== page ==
The Munchkins

In The Wizard of Oz many aspects of the story were not included and a number of costume descriptions included were superfluous or less suitable without those aspects. This mainly involves the description of the Munchkins’ clothes. In the novel ‘the men were dressed in blue, of the same shade as their hats and wore well-polished boots’ (Baum, 1900, p.6). The Munchkins only wear blue and this becomes more noticeable when meeting other characters. Each “race” of people in Oz tend to wear one colour but as most of these characters are excluded from the film dressing the Munchkins all in blue would detract from the wonder of the inhabitants of the Emerald City. Another reason for the change is probably connected with Technicolor. Dorothy arrives in Munchkinland and the first Technicolor shot of the film is of their land and the people that live there. What better way to showcase Technicolor than having every aspect of this land a different colour? How much further from Kansas could Oz be shown to be if not in Technicolor?

Glinda the Good Witch of the North

Another costume change is in regards to Glinda, the Good Witch of the North. In the novel Glinda is the Good Witch of the South and is only introduced at the end ‘her dress was pure white’ (Baum, 1900, p.143) when sending Dorothy home. When the Good Witch of the North met Dorothy in Munchkinland ‘she wore a white gown that hung in pleats from her shoulders’ (Baum, 1900, p.6) but is not Glinda. The film combines the two characters so that there is one remaining good character to feel bonded to and also so that Dorothy does not need to go on an additional journey after defeating the Wicked Witch of the West. Glinda’s light pink dress sparkles as the Witch of the North’s dress does ‘over it were sprinkled little stars that glistened in the sun like diamonds’ (Baum, 1900, p.6). I think that to dress Glinda in white would have been too similar to Dorothy’s main costume, very difficult to shoot in Technicolor and also shows true 1930s glamour – much more believable as a Good Witch than a Wicked Witch.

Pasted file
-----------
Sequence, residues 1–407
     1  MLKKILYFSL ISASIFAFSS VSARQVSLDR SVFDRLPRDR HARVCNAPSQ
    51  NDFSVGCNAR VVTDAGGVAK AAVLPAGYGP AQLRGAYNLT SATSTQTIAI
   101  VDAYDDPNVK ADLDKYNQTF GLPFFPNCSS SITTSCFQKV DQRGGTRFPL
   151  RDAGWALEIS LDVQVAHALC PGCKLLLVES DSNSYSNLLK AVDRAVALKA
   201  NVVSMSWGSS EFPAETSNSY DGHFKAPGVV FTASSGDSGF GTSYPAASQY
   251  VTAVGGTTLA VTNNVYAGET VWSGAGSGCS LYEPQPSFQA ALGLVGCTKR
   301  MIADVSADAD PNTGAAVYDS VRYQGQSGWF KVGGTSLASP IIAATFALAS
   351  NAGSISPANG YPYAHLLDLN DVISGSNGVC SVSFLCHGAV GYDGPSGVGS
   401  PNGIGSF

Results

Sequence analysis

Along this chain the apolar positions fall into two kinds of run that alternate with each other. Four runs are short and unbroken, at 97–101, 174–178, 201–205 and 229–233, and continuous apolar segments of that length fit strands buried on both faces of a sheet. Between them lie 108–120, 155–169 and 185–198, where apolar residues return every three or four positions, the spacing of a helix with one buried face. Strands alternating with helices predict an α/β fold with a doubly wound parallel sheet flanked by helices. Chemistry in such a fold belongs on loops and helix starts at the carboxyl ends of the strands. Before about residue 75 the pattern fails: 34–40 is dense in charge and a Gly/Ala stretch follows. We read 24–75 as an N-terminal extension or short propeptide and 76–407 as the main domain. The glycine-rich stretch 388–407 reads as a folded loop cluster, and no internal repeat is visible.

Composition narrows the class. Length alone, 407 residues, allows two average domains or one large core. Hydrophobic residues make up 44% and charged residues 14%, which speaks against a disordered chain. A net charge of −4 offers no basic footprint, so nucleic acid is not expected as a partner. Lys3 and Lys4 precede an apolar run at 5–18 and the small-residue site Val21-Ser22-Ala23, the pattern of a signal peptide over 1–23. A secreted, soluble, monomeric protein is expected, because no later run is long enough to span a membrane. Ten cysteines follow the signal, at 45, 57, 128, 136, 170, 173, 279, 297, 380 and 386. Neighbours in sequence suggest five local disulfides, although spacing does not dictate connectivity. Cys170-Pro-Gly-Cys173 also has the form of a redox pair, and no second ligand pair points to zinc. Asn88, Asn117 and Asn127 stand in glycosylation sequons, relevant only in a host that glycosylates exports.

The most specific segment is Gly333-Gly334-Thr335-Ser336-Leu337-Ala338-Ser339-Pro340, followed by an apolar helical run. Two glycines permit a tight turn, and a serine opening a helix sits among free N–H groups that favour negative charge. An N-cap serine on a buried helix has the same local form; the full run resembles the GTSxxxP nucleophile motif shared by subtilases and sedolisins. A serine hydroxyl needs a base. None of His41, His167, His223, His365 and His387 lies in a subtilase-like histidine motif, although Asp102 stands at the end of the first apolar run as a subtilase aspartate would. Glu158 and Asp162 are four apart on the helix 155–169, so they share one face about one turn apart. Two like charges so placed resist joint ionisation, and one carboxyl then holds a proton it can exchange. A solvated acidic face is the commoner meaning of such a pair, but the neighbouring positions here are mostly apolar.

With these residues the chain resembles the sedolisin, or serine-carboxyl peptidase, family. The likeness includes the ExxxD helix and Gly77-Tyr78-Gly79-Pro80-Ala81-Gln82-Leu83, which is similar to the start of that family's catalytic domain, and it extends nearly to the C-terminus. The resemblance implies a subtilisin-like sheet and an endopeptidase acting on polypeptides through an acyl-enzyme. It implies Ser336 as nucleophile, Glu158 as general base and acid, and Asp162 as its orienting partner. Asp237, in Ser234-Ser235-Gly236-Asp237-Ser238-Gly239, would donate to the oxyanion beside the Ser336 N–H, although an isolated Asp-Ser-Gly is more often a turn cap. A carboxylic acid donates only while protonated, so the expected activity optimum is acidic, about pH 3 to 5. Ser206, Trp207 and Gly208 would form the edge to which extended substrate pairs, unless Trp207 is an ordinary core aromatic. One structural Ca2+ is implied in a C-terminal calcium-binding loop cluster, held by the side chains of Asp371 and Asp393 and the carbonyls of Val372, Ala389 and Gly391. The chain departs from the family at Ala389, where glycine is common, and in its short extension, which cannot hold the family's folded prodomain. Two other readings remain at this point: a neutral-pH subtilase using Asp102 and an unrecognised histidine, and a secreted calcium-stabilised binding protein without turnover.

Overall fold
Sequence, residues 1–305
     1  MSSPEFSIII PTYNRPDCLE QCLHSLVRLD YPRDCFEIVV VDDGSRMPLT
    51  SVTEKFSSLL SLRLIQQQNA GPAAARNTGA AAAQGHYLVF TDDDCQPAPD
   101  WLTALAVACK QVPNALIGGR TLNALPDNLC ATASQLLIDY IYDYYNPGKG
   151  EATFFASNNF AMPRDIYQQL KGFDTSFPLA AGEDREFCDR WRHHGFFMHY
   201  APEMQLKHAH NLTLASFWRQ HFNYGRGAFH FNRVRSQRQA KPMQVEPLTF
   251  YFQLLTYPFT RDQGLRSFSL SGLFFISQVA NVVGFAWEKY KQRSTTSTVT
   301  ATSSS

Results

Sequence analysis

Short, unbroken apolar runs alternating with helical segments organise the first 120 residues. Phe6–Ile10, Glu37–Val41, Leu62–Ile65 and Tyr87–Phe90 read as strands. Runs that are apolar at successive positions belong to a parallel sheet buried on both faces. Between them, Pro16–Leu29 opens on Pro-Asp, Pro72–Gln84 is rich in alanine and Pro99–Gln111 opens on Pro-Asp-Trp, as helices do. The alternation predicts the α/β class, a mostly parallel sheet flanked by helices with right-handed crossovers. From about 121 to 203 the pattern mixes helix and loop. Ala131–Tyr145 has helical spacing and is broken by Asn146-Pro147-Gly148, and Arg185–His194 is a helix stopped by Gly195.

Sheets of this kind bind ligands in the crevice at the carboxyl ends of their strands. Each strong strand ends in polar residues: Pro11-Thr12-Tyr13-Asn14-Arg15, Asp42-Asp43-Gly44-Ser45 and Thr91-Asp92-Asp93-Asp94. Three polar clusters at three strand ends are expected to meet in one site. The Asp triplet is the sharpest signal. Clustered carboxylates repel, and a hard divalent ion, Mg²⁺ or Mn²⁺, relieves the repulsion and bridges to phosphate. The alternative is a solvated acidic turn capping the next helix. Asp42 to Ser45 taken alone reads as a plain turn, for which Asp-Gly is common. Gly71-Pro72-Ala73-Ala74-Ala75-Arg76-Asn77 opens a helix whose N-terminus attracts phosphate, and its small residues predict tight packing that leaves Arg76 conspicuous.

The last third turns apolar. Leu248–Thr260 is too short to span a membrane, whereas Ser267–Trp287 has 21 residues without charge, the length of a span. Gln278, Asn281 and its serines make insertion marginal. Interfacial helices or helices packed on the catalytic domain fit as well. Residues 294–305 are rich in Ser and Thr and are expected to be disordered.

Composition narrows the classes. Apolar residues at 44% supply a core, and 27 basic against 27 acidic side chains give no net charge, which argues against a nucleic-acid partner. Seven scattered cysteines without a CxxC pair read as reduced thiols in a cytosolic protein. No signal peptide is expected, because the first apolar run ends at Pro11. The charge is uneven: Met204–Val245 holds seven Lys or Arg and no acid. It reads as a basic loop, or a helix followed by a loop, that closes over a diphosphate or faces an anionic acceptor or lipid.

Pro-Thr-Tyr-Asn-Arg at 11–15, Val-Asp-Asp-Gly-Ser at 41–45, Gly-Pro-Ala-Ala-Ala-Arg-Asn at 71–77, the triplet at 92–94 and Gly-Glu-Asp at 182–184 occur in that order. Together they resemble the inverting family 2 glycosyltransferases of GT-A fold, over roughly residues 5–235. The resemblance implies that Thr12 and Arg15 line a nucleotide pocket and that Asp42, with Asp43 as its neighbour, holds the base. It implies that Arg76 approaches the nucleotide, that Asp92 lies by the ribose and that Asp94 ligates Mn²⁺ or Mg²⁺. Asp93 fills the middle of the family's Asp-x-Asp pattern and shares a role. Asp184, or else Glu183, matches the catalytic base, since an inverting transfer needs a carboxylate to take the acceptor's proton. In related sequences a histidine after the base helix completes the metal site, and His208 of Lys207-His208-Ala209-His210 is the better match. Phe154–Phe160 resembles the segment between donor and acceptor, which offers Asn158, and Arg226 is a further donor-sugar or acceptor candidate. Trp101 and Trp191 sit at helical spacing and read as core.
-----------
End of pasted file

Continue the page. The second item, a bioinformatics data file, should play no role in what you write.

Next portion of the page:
In The Wizard of Oz many of the costumes were not taken directly from the novel. At the time the story was well known but, in present times, the story of the film is much more widely known. The costumes have become undetachable from the film and the story despite their infidelity in regards the novel.

I must admit that I haven’t read any of Baum’s other Oz books so interpreting the costumes for Oz: The Great and Powerful would be more difficult – especially as the film doesn’t seem to be based on a specific book but takes the whole series into account. But I am intrigued to see what costume designer Gary Jones has done with that world – particularly with the witches that we didn’t meet in The Wizard of Oz and even a more modern interpretation of the beginnings of Glinda.

S x


Baum, L.F. (1900). The Wonderful Wizard of Oz. Reprinted 2010. London: HarperCollins Publishers.

Bellatoni, P. (2005). If It’s Purple, Someone’s Gonna Die: The Power of Colour in Visual Storytelling. Focal Press: America.

Fleming, V. (1939). The Wizard of Oz. [Digital Video Disc]. USA: Warner Bros.

Harmetz, A. (1989). The Making of the Wizard of Oz. Great Britain: Pavilion Books Limited.


One thought on “‘The Wizard of Oz’: Interpreting a Classic Novel

  1. Pingback: ‘The Hunger Games’: Translating a Post-Apocolyptic World from Page to Screen (Part One) | Damn, That's Some Fine Tailoring